Department of Computer Engineering
S E M I N A R
Deformable Shape-from-Motion and Interventional Laparoscopy
Professor Adrien Bartoli
Advanced Laparoscopy and Computer Vision Research Group
Computer Vision deals with the general problem of reasoning about the physical world given visual data provided in images and videos. The data may be acquired by a broad variety of imaging sensors, ranging from consumer grade cameras to professional medical sensors. One of the fundamental goals in Computer Vision is to reconstruct the 3D shape of objects viewed by the image sensor. A wide variety of methods has been developed over the years. This presentation will focus on what is known as Shape-from-Motion. This aims to recover 3D shape using multiple images taken by a moving camera. Shape-from-Motion is unsolvable without some a priori shape knowledge. One assumption that has been used with great success is that many objects are rigid. This is widely applicable in for example man-made environments and has led to successful, stable and mature results both in terms of the theory of visual geometry and in terms of practical effective algorithms.
The world however is also made of non-rigid, deformable objects. Shape-from-Motion in this case is a far more challenging problem. Indeed, the state of research has been left fairly opened since deformable Shape-from-Motion was first attempted about a decade ago. The central topic of this presentation will be to present the specific difficulties when attempting deformable Shape-from-Motion and the theoretical and practical advances that have been made so far. The two problems of deformable image registration and 3D shape recovery from registered images will be discussed. The presentation comprises numerous experimental results, with an emphasis on advanced methods for surfaces of materials including paper and cloth. The application and extension of these techniques in the specific context of interventional laparoscopy will be presented and discussed.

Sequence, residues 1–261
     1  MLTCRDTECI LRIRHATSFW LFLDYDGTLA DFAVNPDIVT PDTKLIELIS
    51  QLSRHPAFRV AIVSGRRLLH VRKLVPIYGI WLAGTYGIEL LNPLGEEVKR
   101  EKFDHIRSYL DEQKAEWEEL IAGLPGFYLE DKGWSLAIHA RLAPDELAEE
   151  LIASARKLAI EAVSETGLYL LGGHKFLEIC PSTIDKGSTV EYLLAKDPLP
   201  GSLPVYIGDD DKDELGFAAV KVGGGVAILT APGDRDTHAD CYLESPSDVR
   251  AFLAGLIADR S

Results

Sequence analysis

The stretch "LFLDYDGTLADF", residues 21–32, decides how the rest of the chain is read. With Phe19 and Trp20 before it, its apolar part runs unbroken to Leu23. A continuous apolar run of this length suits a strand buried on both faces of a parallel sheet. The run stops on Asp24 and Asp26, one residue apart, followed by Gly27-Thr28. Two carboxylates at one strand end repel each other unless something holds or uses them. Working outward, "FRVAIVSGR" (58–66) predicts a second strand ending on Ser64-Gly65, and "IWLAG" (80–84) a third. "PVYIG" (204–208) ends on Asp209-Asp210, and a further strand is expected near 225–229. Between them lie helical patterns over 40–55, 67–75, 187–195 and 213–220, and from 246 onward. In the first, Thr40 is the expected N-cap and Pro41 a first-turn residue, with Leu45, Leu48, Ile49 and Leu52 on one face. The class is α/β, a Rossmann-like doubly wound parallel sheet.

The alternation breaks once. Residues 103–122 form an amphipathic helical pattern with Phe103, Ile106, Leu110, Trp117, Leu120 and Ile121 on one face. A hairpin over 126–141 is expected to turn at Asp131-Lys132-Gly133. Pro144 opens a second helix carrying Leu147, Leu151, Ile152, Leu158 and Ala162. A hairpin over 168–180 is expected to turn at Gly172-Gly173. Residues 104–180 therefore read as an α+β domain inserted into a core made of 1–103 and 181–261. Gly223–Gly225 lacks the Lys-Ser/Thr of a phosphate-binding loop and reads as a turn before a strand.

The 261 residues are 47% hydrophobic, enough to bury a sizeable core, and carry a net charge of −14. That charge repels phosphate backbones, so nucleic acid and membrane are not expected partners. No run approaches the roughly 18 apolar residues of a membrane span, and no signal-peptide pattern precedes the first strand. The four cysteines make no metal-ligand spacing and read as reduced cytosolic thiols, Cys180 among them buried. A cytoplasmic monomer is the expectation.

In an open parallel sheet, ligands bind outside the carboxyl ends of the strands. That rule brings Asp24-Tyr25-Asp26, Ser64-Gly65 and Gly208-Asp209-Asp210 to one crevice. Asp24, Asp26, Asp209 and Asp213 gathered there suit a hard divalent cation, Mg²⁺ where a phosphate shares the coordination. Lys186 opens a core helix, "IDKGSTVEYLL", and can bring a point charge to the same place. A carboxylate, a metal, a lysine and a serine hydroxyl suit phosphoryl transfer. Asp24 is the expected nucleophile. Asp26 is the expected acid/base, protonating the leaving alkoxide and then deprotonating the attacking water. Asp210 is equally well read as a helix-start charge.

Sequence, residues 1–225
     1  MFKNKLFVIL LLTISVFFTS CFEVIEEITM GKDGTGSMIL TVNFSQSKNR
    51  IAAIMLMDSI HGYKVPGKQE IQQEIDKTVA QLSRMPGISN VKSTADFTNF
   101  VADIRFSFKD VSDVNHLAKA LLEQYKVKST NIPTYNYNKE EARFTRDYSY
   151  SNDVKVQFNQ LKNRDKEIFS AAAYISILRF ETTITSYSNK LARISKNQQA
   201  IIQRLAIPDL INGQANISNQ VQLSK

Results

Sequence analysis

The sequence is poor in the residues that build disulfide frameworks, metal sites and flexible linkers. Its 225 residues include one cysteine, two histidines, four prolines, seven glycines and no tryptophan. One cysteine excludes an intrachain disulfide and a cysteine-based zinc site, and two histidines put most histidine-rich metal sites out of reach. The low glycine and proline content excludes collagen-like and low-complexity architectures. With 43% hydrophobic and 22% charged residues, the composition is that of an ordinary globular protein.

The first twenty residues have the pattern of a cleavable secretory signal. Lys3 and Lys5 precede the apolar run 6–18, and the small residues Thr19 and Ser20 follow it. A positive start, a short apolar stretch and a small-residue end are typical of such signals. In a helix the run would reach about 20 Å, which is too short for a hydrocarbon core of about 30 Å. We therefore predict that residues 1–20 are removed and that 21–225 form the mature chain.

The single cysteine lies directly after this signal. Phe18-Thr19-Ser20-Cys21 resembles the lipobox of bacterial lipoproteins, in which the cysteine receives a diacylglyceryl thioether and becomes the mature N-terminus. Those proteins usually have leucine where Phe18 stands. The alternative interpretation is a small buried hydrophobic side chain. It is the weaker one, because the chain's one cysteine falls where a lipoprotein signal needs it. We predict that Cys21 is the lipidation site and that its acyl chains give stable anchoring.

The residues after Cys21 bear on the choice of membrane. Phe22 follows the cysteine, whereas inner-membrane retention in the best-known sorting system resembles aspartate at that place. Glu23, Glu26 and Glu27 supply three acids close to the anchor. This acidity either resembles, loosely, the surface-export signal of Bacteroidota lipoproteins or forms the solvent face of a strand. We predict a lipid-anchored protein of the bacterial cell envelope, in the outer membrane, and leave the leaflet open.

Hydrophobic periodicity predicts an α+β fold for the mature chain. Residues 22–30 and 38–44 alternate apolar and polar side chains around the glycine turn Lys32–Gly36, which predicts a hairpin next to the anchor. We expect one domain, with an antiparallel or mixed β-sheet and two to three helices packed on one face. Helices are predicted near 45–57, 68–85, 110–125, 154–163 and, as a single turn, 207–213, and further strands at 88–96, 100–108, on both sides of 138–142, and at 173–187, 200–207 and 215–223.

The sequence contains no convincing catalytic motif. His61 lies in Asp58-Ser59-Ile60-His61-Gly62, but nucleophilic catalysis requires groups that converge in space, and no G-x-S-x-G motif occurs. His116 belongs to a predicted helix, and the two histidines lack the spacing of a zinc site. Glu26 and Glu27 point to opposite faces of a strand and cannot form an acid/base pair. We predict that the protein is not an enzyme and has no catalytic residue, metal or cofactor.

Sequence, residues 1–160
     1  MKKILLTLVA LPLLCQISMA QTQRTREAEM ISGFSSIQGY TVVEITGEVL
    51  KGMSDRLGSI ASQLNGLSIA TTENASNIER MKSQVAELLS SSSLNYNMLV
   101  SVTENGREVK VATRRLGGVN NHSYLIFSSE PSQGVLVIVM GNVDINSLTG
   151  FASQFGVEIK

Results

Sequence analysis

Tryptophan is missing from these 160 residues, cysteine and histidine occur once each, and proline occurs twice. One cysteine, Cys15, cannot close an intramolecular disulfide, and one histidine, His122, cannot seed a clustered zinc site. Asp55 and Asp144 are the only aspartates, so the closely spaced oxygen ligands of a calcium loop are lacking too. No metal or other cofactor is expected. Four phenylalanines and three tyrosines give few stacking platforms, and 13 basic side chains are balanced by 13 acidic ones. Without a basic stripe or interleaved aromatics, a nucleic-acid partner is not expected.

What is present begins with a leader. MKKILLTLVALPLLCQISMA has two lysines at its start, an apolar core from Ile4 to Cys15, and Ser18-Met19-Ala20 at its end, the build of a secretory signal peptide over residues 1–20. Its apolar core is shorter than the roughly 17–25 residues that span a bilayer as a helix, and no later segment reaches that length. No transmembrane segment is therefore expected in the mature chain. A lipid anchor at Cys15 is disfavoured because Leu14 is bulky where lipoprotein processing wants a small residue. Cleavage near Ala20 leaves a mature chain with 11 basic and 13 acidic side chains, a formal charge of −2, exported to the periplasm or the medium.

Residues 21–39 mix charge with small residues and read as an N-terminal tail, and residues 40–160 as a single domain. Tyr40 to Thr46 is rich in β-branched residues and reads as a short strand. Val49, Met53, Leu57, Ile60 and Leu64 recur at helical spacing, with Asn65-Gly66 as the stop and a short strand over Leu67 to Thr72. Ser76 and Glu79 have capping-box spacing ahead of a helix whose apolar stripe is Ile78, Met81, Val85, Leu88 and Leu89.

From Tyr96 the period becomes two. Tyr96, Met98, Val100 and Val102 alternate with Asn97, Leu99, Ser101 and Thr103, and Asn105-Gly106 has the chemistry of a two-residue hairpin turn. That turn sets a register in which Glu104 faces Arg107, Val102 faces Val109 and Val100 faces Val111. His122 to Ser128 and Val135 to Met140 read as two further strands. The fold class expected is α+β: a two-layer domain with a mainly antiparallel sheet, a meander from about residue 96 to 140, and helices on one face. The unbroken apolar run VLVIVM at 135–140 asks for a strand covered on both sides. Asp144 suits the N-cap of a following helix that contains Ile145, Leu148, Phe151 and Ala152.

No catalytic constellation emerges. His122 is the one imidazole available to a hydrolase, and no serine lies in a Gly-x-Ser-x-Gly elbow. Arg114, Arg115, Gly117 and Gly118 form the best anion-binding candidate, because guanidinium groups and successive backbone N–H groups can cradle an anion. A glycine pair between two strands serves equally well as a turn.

Bio: Adrien Bartoli has been a Professor of Computer Science at Université d’Auvergne Clermont 1 since fall 2009. He does research in fundamental and medical computer vision and runs the ALCOV (Advanced Laparoscopy and Computer Vision) research group at ISIT jointly with Professor Michel Canis. Previously he was a permanent CNRS research scientist at LASMEA since 2004 and a Visiting Professor at DIKU Copenhagen between 2006-2009. He was a postdoctoral fellow at the University of Oxford between 2003-2004 and a PhD candidate at INRIA between 2000-2003. He received the 2004 Grenoble-INP PhD thesis prize, the best paper award at CORESA’07 and the 2008 CNRS Bronze Medal.
DATE: 25 April, 2011, Monday @ 10:40